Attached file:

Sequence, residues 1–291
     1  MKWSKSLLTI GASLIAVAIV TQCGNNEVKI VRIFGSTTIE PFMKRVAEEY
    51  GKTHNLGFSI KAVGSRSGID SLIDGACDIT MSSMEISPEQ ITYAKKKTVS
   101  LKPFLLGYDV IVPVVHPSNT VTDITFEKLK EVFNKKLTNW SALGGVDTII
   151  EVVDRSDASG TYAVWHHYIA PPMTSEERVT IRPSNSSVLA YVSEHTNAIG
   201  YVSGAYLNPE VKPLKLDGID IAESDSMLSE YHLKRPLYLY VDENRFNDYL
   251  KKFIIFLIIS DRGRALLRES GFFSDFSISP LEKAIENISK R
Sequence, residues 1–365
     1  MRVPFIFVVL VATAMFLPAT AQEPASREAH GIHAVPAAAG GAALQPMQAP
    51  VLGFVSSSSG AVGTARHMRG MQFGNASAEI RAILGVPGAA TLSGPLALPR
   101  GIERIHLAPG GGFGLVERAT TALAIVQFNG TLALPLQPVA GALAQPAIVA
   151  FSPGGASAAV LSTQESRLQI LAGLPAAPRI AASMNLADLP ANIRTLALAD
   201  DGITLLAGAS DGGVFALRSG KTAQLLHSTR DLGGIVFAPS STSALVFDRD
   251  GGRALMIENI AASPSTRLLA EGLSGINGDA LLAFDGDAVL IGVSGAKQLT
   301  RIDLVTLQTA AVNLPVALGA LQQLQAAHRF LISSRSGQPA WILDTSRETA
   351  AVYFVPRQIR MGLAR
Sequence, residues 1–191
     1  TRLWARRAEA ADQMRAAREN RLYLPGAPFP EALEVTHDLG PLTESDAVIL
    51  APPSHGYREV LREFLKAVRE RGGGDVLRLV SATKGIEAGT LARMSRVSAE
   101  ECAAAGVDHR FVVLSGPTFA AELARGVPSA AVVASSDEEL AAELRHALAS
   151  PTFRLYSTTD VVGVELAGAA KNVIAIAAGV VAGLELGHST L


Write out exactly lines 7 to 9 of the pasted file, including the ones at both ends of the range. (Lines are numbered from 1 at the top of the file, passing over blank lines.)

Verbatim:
   251  KKFIIFLIIS DRGRALLRES GFFSDFSISP LEKAIENISK R
Sequence, residues 1–365
     1  MRVPFIFVVL VATAMFLPAT AQEPASREAH GIHAVPAAAG GAALQPMQAP